If recent trends have anything to say about it, there’s no better place to look for design inspiration that abroad. Just take a look at the moroccan poufs, Mexican serapes, and French-country decor that have taken over blogs and magazines lately. As much as we love those globally-inspired trends, perhaps our favorite international style of the moment comes from China — Chinoiserie, which literally means Chinese-Inspired–is versatile, classic, and beautiful, and can be worked into a wide variety of decor styles and homes.
Looking to infuse your home with an on-trend touch? Try these stylish accents, which are classic elements of chinoiserie style decor.
1. Foo-Dog book ends. No doubt you’ve seen these on plenty a home decor blog, but quirky foo dogs are fun regardless. Because they’re so popular at the moment, you shouldn’t have any trouble finding the perfect pair to suit your style, whether you’re looking for bright turquoise, gleaming gold, or simple white.
2. Chippendale chairs. Chinese Chippendale chairs, or bamboo chairs, have become essential to achieving a preppy decor look in recent years. Again, though you’ll have no trouble finding these beauties in traditional and natural finishes, manufacturers like Ballard Designs and Selamat have jumped on the trend, and offer them lacquered in dozens of colors.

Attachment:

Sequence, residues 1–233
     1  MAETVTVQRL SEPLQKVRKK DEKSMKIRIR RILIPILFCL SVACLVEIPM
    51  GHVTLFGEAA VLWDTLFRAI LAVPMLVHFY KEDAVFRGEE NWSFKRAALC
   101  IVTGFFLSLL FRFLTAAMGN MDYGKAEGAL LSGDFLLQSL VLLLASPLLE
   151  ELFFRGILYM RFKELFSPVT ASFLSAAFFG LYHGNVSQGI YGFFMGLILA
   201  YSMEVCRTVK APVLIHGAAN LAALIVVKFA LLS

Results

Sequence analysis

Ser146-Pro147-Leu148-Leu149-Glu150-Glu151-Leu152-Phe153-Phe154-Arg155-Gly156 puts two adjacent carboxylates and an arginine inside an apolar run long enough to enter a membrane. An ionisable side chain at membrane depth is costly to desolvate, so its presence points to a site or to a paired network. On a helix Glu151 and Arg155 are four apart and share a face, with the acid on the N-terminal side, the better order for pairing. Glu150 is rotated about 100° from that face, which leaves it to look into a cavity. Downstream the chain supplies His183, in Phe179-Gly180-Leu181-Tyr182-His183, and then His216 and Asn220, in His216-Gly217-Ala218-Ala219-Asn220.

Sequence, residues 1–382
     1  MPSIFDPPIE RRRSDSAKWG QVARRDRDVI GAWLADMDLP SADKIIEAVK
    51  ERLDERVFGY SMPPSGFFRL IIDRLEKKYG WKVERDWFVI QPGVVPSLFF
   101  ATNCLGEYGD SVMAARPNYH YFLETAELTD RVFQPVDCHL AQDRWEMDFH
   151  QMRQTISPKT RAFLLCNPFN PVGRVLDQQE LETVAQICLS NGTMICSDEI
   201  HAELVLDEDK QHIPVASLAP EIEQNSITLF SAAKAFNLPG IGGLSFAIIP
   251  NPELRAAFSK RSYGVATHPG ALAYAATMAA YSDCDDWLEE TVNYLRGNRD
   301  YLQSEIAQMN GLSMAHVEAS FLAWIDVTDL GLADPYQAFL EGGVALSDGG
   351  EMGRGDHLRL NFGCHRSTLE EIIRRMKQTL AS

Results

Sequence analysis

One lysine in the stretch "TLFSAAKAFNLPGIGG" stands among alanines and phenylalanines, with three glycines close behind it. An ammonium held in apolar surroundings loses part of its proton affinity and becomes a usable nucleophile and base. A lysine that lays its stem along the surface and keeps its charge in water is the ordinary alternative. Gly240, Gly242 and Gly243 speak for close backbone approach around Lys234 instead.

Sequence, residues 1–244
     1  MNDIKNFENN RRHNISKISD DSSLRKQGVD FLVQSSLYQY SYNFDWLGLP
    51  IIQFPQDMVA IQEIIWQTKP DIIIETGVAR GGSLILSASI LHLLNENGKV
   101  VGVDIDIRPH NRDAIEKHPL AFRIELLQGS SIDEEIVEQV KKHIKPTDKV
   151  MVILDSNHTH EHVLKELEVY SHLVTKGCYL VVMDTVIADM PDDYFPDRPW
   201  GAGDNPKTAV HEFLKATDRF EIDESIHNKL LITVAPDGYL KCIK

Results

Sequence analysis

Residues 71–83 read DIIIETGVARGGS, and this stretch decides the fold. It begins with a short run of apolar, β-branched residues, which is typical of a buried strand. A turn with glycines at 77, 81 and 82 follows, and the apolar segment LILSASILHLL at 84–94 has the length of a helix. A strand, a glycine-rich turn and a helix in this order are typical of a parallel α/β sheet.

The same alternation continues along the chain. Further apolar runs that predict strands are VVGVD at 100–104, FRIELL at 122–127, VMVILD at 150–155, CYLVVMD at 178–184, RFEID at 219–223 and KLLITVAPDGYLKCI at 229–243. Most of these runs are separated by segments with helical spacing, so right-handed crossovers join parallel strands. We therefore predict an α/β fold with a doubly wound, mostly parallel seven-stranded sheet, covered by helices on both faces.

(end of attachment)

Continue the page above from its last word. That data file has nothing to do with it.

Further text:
3. Chinese porcelain. Perhaps the biggest Chinoiserie-inspired trend is the omnipresence of Chinese porcelain. Though the blue-and-white patterns are a classic, and have been a staple in traditional homes for centuries, they’re recently enjoying a new popularity. The style is extremely versatile, perfect for complementing french country, preppy, traditional, or eclectic decor. Though genuine, antique Chinese porcelain can be purchased through sites like 1stDibs.com (where a pair of authentic Chinese porcelain jars runs upwards of $3500), it’s also easy to find reproductions for a fraction of the cost.
4. Oversized toile prints. Though traditional Chinese toile is still hugely in fashion, in the last few years, textile houses have updated Chinese-inspired toile prints by blowing them up into large-scale scenic patterns featuring pagodas, cherry blossoms, birds, and other traditionally Asian motifs. Both small- and large-scale toiles are especially complementary when paired with graphic stripes and geometrics.